Sunday, August 22, 2010

Fairness is what we strive for. But equality may turn out to be a really bad idea.

Well I think the GE fever will be upon us very soon. I just want to spend a short amount of time to talk about two concepts which tend to confuse voters and get them to support the wrong causes.

First of all, if I'm reading my fellow citizens right, Singaporeans want to be treated fairly. Singaporeans want to be hired for jobs which they are qualified for and given a days fair wages in return for a day of hard work. Fairness means that you get paid for your contribution and folks who who contribute less should get less. The mechanism to price your labor should be the free markets. It's not a perfect system, but if one works towards adding value to others, it's not going to be hard to get 3 meals a day here.

I'm personally all for fairness.

I'm a little upset at how liberals in Singapore want some more equality. Equality is a more disturbing concept. There are overtones that people will get something no matter how much contribution you make. I don't think Singaporeans want the hardworking nurse or the taxi driver to be paid equally as the poet who write poems about fornicating dead cats ( Unless this poet is a Lady Gaga like figure who attracts hordes of tourists who like seeing him fornicate dead cats at the Esplanade ).

While I want more opposition parties to gain headway I'm very disturbed that some of the more left leaning parties want more equality and the best way of doing this is by minimum wages and welfare.

Make no mistake, minimum wages will push business to create fewer jobs and if unemployment goes up, we'll lose our rock solid stability. Welfare is not going to come out from minister salaries, it will come from taxation. You either pay for welfare with a larger GST or higher income taxes.

Just want to remind readers once again to keep your eye on the government if you're not happy with them. But don't declare war on your fellow citizens. Some local people like this place because it allows them to raise decent families with low taxation.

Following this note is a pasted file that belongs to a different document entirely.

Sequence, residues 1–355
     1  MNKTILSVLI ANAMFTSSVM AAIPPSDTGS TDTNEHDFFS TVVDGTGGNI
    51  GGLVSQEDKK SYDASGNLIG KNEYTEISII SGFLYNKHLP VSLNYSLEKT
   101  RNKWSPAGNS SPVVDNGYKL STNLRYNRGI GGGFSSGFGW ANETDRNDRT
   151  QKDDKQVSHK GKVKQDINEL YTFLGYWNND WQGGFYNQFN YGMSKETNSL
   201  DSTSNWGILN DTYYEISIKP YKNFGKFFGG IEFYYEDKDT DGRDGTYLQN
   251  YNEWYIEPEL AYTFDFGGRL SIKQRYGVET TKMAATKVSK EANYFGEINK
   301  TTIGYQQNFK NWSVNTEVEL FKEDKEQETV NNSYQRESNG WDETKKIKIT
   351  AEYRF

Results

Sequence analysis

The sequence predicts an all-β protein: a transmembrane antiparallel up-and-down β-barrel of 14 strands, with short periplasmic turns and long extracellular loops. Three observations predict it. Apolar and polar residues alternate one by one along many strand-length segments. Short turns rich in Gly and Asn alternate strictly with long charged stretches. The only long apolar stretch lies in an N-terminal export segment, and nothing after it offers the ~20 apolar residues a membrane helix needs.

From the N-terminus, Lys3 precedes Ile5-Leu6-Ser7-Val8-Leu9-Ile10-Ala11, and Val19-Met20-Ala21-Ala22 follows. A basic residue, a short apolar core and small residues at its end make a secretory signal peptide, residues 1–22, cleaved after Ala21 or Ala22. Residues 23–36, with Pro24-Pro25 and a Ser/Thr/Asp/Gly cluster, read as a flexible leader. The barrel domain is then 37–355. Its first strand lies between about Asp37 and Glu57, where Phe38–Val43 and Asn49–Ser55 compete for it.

Once again I appeal to the opposition to create a good framework for Singaporeans to draw their CPF out in difficult times rather than resort to taxation and welfare schemes. It's populist and the low road towards prosperity. It's also high time Singaporeans get to do more with that CPF-OA instead of being stuck with investing only 35%.


  1. Hi Christopher,

    I stumbled upon your blog by accident and read most of it at one go. It attracted me as we seem to have two interests in common - a shared engineering background plus the love of managing our own money. Maybe the difference is that you probably do better in both fields because I have no financial certificates and a lousy engineering degree.

    Looking forward to reading more from you.

  2. Hi Hyom,

    That is not true. The markets are cruel and does not recognize paper qualifications.

    My dad trades on my stock recommendations and he does way better than me because he monitors the market and makes buy/sell decisions on the fly.


  3. Yes, it is indeed true that paper qualifications enjoy no advantage in the financial markets. This is why I love the market. It does not discriminate based on race, religion, gender, sexual orientation, first-class or third-class honours.

    Your comments on minimum wage set me thinking.

    The minimum wage has lofty goals of helping the poor. Prominent highly respected public figures like Tan Kin Lian has voiced their public support on this policy. I am sure these people have the kindest of intentions. However, it is highly questionable whether the effect of the minimum wage is really beneficial to the poor.

    If the minimum wage is set too high, it will create unemployment to people whose value to the labour market is worth less than the minimum wage. No employer (unless he is your father) will pay a worker more than what he thinks the worker is worth. Anything more will be charity. It is not fair to expect charity from bosses because they set up companies to make money, not give away money. In a capitalistic economy, a minimum wage which is set too high will lead to unemployment of the young and old. The young will be hit because they still have not accumulate enough work experience to be worth more than the minimum wage. The old will be hit because their market value has depreciated below the minimum wage over the years. The most seriously hit will be the poor because they are the group with the most number of people whose market value fall below minimum wage. Instead of helping the poor, the minimum wage may end up raising unemployment among the poor.

    If the minimum wage is set too low, one might as well not have this rule in the first place. Why scare off investors and businessmen unnecessarily?

    Because it is so hard to set the optimum minimum wage, I think we should leave wages to be set by the invisible hand of the free market than the well-intentioned but clumsy hand of bureaucrats.

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